Fragile X syndrome, the fragile X related proteins, and animal models
Microscopy Research and Technique , Volume 57 - Issue 3 p. 148- 155
The Fragile X syndrome (FraX), which is characterized among other physical and neurologic impairments by mental retardation, is caused by the absence of the product of the FMR1 gene. The Fragile X Mental Retardation Protein (FMRP) is a member of a novel family of RNA-binding proteins. The latter includes two other proteins highly homologous with FMRP: the fragile X related proteins I and 2 (FXRP1 and FXRP2). Characterization of FXRPs, including their interaction with FMRP, will provide critical information about the mechanisms of action of FMRP and the role of this group of proteins in FMRP-deficient conditions such as FraX. Genetic manipulations of FMRP and the FXRPs should also provide valuable tools for investigating pathophysiology and gene therapies in FraX. The present review summarizes the strategies used for identifying the FXRPs, their chromosomal localization, molecular structure, and tissue distribution. It also reviews interactions between different members of this family of RNA-binding proteins. Animal models, both knockout and transgenic, of FMRP and the FXRPs are discussed. Phenotypic features of the FMR1 knockout mouse, the FMR1 transgenic rescue mouse, and other novel strategies for manipulating and delivering FMRP and FXRPs to the brain and other tissues are described.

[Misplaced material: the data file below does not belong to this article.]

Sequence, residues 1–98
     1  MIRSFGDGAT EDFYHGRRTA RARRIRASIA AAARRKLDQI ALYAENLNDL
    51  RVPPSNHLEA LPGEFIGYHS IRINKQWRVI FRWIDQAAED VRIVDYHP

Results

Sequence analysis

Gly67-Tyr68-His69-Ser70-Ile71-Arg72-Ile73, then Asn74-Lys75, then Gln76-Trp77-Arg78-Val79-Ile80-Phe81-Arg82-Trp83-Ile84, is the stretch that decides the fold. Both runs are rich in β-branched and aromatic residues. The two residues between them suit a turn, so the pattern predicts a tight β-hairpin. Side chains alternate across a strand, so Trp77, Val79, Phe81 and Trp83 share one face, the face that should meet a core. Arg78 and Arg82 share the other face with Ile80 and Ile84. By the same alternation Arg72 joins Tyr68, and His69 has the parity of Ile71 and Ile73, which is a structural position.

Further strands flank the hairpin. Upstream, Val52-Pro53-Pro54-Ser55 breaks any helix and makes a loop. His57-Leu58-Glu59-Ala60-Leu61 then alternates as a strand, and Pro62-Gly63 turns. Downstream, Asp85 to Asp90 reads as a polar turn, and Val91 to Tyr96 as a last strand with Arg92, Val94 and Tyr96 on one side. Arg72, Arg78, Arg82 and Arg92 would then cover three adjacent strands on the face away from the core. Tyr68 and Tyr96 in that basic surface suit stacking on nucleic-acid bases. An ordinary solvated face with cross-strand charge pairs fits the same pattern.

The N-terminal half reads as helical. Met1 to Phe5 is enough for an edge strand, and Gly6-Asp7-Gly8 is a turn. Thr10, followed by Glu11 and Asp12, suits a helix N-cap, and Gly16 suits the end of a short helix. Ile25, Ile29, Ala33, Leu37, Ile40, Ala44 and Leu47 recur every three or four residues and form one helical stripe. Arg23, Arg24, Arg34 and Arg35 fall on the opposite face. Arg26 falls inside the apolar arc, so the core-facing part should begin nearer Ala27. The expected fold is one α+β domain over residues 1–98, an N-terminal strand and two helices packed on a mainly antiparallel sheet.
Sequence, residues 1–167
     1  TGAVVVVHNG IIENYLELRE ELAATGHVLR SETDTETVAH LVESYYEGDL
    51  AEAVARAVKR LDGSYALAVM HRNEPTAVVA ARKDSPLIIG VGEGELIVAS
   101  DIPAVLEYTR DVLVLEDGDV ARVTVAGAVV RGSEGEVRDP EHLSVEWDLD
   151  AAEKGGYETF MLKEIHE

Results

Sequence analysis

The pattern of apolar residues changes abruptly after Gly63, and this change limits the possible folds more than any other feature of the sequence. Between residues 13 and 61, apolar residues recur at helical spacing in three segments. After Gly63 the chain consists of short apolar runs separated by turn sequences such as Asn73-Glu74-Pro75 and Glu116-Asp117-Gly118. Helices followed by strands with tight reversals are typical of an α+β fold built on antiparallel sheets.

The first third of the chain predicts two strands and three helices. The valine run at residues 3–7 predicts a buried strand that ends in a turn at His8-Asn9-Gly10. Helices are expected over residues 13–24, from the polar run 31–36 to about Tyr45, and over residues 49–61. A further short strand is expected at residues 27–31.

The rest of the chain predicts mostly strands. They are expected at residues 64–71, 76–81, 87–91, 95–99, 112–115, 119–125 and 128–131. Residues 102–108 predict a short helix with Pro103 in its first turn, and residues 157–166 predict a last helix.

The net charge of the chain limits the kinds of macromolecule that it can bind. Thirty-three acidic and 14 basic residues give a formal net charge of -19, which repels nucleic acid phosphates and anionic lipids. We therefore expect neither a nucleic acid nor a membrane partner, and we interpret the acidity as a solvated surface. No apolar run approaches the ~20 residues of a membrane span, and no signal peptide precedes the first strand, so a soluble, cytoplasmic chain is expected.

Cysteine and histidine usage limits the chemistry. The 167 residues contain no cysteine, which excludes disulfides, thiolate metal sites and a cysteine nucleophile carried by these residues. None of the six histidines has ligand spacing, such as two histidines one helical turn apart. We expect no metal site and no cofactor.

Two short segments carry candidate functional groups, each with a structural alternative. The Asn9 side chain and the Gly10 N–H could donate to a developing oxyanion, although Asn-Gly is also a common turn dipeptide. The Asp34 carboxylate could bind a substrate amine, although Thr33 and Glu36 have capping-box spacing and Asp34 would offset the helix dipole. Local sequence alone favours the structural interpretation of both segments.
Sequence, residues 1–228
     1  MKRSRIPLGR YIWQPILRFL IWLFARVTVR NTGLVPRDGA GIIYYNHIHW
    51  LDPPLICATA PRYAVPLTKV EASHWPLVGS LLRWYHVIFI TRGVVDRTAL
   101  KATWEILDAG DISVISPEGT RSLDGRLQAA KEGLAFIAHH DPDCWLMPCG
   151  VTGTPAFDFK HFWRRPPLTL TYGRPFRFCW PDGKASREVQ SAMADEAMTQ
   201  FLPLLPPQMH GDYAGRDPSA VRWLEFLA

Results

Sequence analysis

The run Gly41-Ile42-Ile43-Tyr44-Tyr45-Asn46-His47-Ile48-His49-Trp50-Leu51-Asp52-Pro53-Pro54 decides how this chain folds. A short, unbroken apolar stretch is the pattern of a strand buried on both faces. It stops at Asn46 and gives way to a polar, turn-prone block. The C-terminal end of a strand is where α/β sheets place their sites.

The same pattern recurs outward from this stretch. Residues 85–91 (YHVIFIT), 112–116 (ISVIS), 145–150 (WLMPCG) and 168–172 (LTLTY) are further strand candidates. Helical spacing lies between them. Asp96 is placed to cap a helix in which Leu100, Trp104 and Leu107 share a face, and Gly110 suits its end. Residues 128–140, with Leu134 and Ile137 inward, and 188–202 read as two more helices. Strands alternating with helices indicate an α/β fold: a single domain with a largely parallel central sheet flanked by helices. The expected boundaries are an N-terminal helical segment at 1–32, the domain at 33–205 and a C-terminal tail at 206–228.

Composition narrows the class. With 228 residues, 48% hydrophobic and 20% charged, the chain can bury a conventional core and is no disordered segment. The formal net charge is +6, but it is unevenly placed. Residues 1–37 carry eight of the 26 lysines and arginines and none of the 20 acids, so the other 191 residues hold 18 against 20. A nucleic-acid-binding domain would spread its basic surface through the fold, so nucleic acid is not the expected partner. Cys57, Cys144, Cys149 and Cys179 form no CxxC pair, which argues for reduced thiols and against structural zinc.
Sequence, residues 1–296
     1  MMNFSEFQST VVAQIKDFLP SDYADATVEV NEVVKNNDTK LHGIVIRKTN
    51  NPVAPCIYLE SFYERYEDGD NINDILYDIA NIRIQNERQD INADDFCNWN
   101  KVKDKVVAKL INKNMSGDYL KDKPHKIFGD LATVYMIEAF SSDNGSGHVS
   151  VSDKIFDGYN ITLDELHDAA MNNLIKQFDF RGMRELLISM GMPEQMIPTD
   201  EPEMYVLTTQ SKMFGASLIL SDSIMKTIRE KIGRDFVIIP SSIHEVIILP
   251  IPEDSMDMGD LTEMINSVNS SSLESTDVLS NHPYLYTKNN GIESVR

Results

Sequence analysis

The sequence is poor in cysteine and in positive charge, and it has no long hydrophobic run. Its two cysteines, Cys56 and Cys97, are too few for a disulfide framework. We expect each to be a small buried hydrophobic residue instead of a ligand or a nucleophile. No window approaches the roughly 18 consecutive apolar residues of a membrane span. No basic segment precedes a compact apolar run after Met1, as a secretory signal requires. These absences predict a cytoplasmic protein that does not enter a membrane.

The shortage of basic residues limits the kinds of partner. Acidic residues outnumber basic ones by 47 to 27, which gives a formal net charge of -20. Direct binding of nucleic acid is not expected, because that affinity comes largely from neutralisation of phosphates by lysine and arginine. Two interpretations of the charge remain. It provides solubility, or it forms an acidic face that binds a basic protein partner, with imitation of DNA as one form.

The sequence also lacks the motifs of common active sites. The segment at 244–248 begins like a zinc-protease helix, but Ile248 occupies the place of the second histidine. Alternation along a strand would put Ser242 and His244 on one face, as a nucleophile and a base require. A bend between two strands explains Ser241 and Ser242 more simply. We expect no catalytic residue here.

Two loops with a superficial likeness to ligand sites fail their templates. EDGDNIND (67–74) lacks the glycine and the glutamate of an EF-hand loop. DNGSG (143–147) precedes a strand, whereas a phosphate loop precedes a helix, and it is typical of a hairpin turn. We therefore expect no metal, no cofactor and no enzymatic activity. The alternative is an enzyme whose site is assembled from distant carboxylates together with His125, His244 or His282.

|Microscopy Research and Technique|
|Organisation||Department of Clinical Genetics|
Hoogeveen, A.T, Willemsen, R, & Oostra, B.A. (2002). Fragile X syndrome, the fragile X related proteins, and animal models. Microscopy Research and Technique (Vol. 57, pp. 148–155). doi:10.1002/jemt.10064